Recommendation: Fake Meat by Isa Chandra Moskowitz would be a good choice for vegans who crave hearty, classic dishes. I bet people who keep kosher and those who have dairy issues will find a few tricks and tips for broadening their range of dishes. I, however, don't see myself reaching for this cookbook. When I want a vegetarian meal (I'm an omnivore), I'm looking for recipes that put vegetables on center stage. If I'm craving a meat dish, then I make meat. If you're at all curious about this cookbook, I suggest checking it out of the library before buying it.

Pantry Mushroom Bacon
Photo of dried mushroom "bacon" on a white backgroundMakes 1 cup

  • 1 (16 oz) package sliced cremini mushrooms
  • 2 tablespoons olive oil
  • 1½ teaspoons salt
  • 2 teaspoons liquid smoke
  • 1 tablespoon nutritional yeast flakes
Toss the mushrooms with the olive oil and salt in a medium bowl. Let sit for 1 hour until they release their juices.

Preheat the oven to 350F (175C) and line a baking sheet with parchment paper.

Drain the mushrooms of excess liquid in a colander and return them to the mixing bowl. Sprinkle with liquid smoke and toss to coat.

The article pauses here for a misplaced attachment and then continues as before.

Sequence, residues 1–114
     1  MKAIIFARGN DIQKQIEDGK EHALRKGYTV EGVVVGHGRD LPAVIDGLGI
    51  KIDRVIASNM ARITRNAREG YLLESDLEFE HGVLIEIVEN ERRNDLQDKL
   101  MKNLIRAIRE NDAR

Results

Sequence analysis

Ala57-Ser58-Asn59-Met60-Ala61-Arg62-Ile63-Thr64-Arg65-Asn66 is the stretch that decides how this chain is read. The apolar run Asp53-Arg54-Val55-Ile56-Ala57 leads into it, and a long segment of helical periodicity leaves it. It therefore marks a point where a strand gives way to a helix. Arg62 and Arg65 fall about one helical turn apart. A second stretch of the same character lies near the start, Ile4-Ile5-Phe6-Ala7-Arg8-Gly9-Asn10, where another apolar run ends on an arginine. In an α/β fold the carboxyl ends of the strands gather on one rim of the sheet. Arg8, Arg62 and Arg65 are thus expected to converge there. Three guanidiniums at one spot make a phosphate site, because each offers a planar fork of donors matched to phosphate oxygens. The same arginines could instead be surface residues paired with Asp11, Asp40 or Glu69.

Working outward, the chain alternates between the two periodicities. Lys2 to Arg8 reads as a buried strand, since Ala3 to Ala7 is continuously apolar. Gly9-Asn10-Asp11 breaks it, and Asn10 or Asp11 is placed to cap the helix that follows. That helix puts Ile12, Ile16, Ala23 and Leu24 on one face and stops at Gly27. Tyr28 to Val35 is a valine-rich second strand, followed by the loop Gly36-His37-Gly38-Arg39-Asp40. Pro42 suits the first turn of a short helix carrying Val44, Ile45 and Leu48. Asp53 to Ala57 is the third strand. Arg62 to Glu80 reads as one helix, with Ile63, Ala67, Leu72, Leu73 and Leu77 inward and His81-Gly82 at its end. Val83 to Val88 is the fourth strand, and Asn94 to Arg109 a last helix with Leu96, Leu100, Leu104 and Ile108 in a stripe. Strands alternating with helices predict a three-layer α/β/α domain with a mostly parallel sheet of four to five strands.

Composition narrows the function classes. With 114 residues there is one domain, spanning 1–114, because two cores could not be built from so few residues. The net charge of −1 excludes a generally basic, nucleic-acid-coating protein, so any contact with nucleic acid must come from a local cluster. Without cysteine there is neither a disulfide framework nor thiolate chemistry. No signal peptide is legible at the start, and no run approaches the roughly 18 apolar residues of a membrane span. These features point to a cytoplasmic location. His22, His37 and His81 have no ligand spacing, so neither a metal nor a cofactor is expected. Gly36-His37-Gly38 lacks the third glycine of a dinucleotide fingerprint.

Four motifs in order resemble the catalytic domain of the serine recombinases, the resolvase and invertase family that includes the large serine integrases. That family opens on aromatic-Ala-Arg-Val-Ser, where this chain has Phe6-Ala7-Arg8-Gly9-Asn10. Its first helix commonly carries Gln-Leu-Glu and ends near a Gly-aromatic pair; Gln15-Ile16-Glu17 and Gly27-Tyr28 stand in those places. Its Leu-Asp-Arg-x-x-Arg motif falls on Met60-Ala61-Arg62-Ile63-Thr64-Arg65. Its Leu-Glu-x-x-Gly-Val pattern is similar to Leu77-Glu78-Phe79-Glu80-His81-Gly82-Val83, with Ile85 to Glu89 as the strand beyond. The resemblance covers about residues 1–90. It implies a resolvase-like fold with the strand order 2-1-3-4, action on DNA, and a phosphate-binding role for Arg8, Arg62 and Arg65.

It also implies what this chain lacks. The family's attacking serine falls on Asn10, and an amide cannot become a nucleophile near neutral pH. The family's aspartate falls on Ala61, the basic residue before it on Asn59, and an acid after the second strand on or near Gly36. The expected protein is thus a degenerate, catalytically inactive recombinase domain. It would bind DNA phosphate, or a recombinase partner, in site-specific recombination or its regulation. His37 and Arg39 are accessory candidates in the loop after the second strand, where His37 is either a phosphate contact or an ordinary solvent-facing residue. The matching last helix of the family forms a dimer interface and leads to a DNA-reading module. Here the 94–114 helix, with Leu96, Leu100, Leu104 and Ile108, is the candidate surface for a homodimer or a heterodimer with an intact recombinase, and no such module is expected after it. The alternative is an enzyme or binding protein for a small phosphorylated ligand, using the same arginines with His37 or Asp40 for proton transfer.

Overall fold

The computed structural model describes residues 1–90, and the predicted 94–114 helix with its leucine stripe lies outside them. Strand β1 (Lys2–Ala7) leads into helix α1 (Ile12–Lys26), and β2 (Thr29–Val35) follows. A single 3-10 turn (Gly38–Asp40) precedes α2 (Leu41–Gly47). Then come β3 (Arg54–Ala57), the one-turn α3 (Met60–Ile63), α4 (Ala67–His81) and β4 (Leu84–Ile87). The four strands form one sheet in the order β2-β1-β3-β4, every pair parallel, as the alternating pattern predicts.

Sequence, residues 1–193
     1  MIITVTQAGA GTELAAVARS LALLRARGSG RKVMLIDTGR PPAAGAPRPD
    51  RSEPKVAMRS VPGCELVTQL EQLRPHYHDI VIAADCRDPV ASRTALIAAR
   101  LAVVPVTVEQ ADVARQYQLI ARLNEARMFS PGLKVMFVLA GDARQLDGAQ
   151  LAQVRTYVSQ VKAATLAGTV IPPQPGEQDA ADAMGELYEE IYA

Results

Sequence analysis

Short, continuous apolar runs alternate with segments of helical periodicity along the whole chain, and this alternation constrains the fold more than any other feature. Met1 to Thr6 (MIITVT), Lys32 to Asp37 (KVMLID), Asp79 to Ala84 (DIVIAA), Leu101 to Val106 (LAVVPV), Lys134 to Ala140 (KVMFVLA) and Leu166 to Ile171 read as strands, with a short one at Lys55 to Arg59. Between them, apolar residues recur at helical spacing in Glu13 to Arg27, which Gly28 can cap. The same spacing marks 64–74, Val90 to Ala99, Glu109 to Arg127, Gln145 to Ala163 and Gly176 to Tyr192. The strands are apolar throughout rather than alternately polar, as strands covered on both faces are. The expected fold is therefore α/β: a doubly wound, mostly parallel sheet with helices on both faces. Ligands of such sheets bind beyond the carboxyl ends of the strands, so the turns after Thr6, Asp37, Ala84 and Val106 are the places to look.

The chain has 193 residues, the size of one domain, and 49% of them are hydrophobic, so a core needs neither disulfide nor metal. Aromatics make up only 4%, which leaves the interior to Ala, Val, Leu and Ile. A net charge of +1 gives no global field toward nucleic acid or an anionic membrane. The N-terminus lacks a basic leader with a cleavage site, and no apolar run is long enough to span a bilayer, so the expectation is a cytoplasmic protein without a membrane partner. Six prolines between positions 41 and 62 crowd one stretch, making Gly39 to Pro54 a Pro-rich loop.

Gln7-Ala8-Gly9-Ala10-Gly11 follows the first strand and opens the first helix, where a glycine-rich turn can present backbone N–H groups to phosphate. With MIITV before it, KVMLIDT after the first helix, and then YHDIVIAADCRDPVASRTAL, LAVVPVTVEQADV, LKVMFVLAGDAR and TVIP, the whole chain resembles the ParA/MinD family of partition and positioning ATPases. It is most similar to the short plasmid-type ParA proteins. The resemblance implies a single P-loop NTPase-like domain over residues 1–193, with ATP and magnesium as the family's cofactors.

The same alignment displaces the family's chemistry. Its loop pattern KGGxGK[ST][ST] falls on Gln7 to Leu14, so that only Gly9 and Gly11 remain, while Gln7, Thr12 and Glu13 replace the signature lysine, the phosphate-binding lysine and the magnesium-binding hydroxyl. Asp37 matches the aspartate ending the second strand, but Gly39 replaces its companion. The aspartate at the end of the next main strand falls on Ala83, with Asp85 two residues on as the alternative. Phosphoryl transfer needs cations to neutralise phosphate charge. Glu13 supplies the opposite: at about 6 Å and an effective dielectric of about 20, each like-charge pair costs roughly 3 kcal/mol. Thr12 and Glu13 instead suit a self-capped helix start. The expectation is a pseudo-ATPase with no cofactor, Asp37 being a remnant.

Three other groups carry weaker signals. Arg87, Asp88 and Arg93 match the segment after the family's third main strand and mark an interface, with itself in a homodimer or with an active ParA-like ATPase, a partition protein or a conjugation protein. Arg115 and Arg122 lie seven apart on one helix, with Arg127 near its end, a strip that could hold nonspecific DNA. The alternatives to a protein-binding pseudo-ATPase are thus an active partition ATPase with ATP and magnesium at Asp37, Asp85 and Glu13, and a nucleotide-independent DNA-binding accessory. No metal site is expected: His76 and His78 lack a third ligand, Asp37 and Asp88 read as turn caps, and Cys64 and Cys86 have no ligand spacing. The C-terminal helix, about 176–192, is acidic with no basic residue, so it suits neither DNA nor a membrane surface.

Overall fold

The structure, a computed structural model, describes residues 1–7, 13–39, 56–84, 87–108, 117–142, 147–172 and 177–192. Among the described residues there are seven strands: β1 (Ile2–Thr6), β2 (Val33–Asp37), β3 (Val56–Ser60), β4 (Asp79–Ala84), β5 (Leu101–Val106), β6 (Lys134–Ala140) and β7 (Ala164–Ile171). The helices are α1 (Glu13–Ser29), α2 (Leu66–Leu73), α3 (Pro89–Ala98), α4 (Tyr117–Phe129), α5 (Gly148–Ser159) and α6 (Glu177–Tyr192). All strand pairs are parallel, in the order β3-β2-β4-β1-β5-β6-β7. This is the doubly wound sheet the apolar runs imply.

Transfer the mushrooms to the prepared baking sheet and spread out in a single layer. Bake for 30 minutes, stirring the mushrooms halfway through. Remove from the oven and lower the temperature to 325F (165C).

Sprinkle the mushrooms with nutritional yeast and use a thin spatula to toss and coat. Bake for another 15 minutes. The mushrooms should be crispy and firm.

Let cool on the baking sheet before using. They can be stored at room temperature in an airtight container for up to 3 days.

Note: The recipe and scans are used in the context of a review; all rights remain with the original copyright holders.

Shared with Weekend Cooking, hosted by Marg at The Intrepid Reader (and Baker)


Tina 1/28/23, 9:27 AM  

We are big fans of mushrooms so I like the recipe you posted. Interesting book.
Thanks for the good wishes about the helath stuff. I can lower cholesterol by getting ore exercise for sure!

Melynda@Scratch Made Food! 1/28/23, 9:55 AM  

Great review! I have read a few books like this one and came away with similar thoughts. Later thinking I might have been too harsh. So I appreciate your straightforward info and personal likes, regarding food choices!

Jackie McGuinness 1/28/23, 11:52 AM  

This has been popping up on several sites recently. I am also put off by the cover.
The mushrooms are an interesting idea. No thanks to the eggs.

Vicki 1/28/23, 9:07 PM  

I'm not a mushroom lover at all. That sandwich does look good. Glad your husband's surgery went well!

Marg 1/28/23, 9:31 PM  

This would not even get a look in at our house at this point in time.
Glad Mr BFR has recovered well from his procedure!

gluten Free A_Z Blog 2/1/23, 9:09 PM  

It defiantly sounds interesting to me as a vegan! I do sometimes like to eat something I can bite into . I'll have to check it out